Namaste! Welcome to your tour of Old Kathmandu. If you've found your way to the top of Sohrakhutte, you should be standing in front of Shakya Pharma, looking down a steep slope to your right. Make sure you have a clear view of the junction below you, and allow me to introduce myself and your tour for the next hour.
My name is Rabi Thapa, I'm a Nepali writer, and I'm delighted to be showing you around Old Kathmandu today. In fact, I'm going to help you discover an unusual part of the city mostly overlooked by guidebooks - except as a place to eat, drink and be merry. Nothing wrong with that, of course. But Thamel, the tourist district of Kathmandu, offers quite a bit more.
So if you're wondering why you're standing over what looks very much like New Kathmandu, remember: nothing here has been the way it is now for very long. This is crucial to getting a sense of the Kathmandu Valley, which in its heyday comprised a trinity of highly developed city states - Kathmandu, Lalitpur and Bhaktapur. They were ruled by the cousin-kings of the Malla Dynasty, who competed with each other to build the greatest temples and palaces and host the most extravagant religious festivals.
Since that golden age, layers of unplanned development have smothered this ancient place. My objective today is to strip away some of these layers so you can imagine the city as it has been for much of its existence.
So let's dive right in. Have a look down the hill. Right at the bottom, you should be able to make out a forked section of road clogged with traffic.
Until half a century ago, the right fork was part of two trans-Himalayan trade routes intersecting in Kathmandu. This city, inhabited by ethnic Newars, was at the crossroads between India and Tibet. Sohrakhutte itself was named after a compact 16-pillar resthouse for travellers that once stood about 50 metres down the road.
This junction was the last staging post before traders entered the city of Kathmandu. My mother and her 10 siblings grew up five minutes away in a large house surrounded by farming land. She remembers traders passing along the route, calling out for bed and board on their way to the grand bazaar of Asan.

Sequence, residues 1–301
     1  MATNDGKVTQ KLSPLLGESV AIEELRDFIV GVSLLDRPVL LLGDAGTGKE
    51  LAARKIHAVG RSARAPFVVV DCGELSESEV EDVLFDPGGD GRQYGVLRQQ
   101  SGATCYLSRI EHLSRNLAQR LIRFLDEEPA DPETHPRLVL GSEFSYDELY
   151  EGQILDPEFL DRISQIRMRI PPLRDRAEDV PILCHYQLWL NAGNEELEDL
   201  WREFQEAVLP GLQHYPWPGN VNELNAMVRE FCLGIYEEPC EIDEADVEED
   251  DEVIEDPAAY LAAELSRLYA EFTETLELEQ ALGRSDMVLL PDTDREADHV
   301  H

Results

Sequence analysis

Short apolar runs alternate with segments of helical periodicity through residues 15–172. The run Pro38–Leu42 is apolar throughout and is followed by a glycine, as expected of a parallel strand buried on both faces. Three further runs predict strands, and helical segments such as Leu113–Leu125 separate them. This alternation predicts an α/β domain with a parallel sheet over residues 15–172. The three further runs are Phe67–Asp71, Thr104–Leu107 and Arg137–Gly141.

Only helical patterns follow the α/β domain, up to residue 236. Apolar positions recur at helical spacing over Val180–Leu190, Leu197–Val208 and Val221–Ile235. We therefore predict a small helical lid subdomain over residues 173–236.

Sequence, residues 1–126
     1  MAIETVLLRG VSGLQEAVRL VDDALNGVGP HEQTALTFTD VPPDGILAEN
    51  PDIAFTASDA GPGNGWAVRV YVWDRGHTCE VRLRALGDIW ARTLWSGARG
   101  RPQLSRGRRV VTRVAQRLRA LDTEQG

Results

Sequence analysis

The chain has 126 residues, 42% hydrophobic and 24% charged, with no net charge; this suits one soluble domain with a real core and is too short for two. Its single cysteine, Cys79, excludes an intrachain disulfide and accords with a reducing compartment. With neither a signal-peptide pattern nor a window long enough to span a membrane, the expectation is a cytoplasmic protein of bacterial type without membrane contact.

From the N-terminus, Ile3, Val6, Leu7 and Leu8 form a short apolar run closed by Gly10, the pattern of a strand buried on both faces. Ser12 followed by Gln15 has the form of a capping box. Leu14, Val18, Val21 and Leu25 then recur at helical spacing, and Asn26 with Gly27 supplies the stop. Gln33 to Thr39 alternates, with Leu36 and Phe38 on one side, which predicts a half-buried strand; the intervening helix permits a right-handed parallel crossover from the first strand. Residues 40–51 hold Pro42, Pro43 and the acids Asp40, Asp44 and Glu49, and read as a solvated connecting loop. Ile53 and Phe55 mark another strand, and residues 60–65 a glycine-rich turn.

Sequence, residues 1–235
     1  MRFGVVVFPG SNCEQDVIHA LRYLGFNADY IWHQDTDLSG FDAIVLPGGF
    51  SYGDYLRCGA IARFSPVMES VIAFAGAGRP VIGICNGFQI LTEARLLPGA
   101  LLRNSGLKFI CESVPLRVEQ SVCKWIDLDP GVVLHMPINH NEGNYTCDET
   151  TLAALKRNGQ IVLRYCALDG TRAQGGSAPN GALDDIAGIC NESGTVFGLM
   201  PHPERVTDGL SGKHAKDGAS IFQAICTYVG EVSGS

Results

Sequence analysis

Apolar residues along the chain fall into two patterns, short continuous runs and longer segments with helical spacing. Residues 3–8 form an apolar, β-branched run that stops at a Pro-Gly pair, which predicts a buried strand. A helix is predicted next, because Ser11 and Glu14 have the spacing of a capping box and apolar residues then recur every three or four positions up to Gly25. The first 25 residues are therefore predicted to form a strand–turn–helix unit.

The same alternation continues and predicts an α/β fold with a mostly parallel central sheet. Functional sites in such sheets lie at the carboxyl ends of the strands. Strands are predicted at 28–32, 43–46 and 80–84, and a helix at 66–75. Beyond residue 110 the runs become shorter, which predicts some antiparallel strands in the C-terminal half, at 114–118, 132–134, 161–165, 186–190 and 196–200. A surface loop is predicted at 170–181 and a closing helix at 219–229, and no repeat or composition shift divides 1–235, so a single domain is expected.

So think of yourself as a weary traveller, from lands afar, visiting the medieval Newar city of Kathmandu, seeking spiritual and material wealth.
Start walking to the right along the busy road you have been observing the junction from.
While you walk, let me briefly explain how VoiceMap works.
It uses your location to play audio automatically, at the right time and place. This means that you can put your phone away now. Don't worry if I'm silent for a while, when I'm not giving directions or telling stories. There's a map on your screen if you ever feel lost, and if you do get way off track without noticing, VoiceMap will let you know.
Keep going, and I'll tell you a bit more about Thamel.
[3 SECOND PAUSE]
Thamel is known as a one-stop shop to streamline your Nepal trip, from trekking to thangkas to two-for-one cocktails. Too often, visitors to the district finish their business here and make a beeline for the UNESCO world heritage monuments scattered across the Kathmandu Valley. But in skating over the surface of the neighbourhoods in between the temples and palaces, you are doing the city - and yourself - a great disservice. It's useful, I find, to get a feel for the ordinary that made the extraordinary possible.